11. Neighbor Al

    Neighbor Al Subscriber

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    Mind you, the MILSPEC had its own mantles. I have no idea how one would perform with standard mantles...
     
  12. Mackburner

    Mackburner United Kingdom Founder Member Subscriber

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    The milspec lantern was designed to run on leaded gasoline so the troops did not have to carry a special fuel for them but could use the vehicle fuel. WC Coleman thought it could not be done but the guys at Aladdin came up with this cool running generator which only just vaporised the fuel and the cooler temp meant the gen was less prone to carbon fouling. It is neccessarily a low pressure lamp to keep the generator running cool. So the design driver was leaded gas not low pressure. ::Neil::
     
  13. GAVIN W

    GAVIN W United Kingdom Subscriber

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    Well, that explains the "why".
    Explains the Aluminium Generator, which is a good conductor of heat, allowing the generator to heat the fuel more evenly, removing the very hot spot closest to the mantle where most of the problems with blockages, crud production start.
    Would it be right to assume that although the system worked, it was not as good as it was hoped in that it did not become the Norm for Petrol lanterns after the War?
    What is the best fuel to run these lamps on,Naptha or unleaded?
    Thank you for a little more information for the old Grey matter to absorb.
    Gavin
     
  14. Mackburner

    Mackburner United Kingdom Founder Member Subscriber

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    They were good enough to be made and used from 1943 to 1991. They were made in quantity for all the major conflicts during that period. The military were well aware of their problems but the single fuel was still a major consideration. In fact for use in rather less fluid combat areas more normal gasoline lamps were used because they gave better light so the Milspec was not the only type to be used and in fact modles 220B and 228B were used in WW2 and afterwards some model 200s were also used.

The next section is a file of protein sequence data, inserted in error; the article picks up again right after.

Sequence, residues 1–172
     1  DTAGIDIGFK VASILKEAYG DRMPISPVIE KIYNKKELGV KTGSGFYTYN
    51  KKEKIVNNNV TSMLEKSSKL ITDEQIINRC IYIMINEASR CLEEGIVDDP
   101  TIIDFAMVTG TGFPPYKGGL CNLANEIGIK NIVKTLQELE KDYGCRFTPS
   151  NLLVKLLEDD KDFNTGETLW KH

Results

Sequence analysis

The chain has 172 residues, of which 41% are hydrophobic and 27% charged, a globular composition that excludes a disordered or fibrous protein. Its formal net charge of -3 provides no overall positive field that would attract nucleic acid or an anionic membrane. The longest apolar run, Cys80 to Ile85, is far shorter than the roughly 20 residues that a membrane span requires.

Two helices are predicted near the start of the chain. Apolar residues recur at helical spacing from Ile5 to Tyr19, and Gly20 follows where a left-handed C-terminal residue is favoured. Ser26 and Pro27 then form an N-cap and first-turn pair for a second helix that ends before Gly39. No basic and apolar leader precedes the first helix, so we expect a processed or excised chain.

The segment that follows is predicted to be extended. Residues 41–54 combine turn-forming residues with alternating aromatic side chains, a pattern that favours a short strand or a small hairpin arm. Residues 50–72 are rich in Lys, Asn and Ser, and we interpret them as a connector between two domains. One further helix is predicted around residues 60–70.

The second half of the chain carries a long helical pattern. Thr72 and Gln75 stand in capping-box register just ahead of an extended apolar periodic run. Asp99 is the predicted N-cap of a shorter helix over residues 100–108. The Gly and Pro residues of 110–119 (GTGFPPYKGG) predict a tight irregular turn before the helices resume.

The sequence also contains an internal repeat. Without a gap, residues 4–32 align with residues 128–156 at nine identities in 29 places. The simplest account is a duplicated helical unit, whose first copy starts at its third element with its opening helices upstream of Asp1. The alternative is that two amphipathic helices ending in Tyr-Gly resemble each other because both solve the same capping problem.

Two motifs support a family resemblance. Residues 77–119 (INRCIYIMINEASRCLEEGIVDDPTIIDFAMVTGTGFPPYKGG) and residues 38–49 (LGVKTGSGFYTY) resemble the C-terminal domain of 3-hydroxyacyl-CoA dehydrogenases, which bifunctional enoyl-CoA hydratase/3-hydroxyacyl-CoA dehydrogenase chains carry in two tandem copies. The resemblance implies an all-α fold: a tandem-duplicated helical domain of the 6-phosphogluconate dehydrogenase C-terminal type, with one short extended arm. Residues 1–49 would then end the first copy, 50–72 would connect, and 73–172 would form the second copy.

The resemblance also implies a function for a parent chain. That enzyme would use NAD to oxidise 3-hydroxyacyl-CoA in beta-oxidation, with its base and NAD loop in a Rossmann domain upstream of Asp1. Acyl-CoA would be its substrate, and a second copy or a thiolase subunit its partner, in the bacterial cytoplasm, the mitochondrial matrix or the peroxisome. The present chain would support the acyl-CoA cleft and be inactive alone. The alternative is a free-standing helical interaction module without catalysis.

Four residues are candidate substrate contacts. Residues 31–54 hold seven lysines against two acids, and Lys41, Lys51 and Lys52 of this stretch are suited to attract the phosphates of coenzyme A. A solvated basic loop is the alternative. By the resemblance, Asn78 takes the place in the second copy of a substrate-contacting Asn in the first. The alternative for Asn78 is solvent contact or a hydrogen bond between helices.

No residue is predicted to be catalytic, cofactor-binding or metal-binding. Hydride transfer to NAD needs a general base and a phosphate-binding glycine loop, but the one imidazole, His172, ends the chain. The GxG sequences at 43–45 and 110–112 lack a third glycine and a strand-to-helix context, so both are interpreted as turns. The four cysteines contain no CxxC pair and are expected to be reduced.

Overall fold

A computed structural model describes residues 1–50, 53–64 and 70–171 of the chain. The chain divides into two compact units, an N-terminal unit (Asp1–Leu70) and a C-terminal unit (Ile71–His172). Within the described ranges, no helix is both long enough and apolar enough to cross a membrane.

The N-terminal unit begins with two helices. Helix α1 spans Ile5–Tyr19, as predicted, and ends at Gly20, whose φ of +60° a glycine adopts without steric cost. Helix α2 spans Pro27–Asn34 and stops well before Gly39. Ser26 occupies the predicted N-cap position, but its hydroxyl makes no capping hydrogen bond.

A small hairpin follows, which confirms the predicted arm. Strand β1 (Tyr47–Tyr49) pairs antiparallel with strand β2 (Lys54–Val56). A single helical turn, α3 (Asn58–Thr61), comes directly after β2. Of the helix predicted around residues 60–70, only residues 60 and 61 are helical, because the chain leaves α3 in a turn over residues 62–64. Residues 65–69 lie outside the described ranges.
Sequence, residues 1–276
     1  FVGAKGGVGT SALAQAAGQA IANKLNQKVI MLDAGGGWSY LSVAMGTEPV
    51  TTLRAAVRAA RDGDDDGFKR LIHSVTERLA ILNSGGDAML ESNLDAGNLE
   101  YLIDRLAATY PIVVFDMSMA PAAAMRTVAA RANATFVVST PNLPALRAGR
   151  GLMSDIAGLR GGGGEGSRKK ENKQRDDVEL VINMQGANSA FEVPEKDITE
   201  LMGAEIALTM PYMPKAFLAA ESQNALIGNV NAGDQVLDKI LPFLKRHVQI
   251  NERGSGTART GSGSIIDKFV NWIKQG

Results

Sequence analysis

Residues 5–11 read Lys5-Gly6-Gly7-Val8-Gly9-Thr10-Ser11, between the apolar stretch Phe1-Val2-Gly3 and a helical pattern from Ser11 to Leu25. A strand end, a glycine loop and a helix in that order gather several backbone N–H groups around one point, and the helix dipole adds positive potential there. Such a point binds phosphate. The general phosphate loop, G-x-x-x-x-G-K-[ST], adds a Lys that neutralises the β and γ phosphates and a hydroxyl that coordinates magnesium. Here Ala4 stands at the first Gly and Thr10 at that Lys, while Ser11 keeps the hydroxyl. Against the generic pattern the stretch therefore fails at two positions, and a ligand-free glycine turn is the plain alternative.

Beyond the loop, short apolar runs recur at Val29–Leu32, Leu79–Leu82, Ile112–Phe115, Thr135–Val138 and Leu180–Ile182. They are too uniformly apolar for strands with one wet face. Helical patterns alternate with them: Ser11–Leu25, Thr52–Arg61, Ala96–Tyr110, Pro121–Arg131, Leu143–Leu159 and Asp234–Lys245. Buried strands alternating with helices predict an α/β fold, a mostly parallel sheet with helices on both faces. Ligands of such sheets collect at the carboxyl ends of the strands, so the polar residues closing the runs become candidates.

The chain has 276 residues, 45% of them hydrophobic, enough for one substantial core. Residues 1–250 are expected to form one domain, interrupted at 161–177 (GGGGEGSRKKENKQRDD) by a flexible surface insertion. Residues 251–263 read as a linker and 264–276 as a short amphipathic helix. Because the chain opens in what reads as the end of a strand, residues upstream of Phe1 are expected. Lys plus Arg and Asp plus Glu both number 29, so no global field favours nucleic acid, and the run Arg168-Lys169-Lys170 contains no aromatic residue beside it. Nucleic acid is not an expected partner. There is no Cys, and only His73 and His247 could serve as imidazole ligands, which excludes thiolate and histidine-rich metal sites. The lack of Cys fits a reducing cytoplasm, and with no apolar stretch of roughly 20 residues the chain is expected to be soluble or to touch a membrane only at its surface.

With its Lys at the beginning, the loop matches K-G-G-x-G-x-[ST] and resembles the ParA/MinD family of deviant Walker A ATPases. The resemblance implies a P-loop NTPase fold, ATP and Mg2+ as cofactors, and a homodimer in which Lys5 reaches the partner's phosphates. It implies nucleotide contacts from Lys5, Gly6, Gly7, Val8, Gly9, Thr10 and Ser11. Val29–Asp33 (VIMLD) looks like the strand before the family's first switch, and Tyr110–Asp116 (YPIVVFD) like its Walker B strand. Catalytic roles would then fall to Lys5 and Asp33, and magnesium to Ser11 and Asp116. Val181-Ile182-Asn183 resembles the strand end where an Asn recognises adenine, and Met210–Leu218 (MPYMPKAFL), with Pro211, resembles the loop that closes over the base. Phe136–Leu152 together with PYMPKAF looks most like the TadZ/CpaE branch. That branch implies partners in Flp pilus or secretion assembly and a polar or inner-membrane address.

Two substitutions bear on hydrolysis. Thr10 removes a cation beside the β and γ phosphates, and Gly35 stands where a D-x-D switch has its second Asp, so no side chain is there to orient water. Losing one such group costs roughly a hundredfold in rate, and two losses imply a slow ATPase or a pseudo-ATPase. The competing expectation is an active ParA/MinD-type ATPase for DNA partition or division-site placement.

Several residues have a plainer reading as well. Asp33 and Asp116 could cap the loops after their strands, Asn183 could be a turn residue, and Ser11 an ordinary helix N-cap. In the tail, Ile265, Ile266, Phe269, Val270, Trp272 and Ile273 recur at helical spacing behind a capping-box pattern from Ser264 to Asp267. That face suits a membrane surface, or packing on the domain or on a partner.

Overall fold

They will run OK on just about any fuel you care to shove in there but to preserve the generator Coleman Fuel or any similar naphtha is best. Tricky things to light though. ::Neil::
     
  15. george

    george United States Subscriber

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    The ones made by Coleman during the war and just after that during the Korean War were fairly good lanterns. Eventually, the contract for manufacturing them was "up for grabs" (companys had to bid for the contract)and I feel at that point they began to go "cheap". I have one made in 1945, one in 1953, both by Coleman, and one made by Armstrong Products in 1977. SMP (State Machine Products) also made these. SMP was in Dry Ridge, Kentucky. My understanding is these lanterns were made by prisoners... that probably tells you something...
    They can be a bugger to start and noisy as hell! The enemy could probably hear it a mile away! Imagine how 8 or 10 of these things all running at once must have sounded! My 500 cp Petromax runs quieter than these lanterns.
     
  16. greendohn

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    I have two (2) Mil Spec lanterns, one dated 1980 and the other 1984, both manufactured by SMP.
    Boy, they are certainly hard to get along with. I installed brand new gens in both lanterns and even at low pressure they have a tendency to "firebomb"!!!
    Not the best of U.S.Army gear I've came across..
     
  17. Primus 96

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    I used to have one of these milspec lanterns (SMP 1982). The top of the lantern was not enameled like a regular Coleman top, it had a matt brown finish.
    The spares compartment had some coarser looking mantles, Sun Flame brand I think. I just stuck a regular 21a on.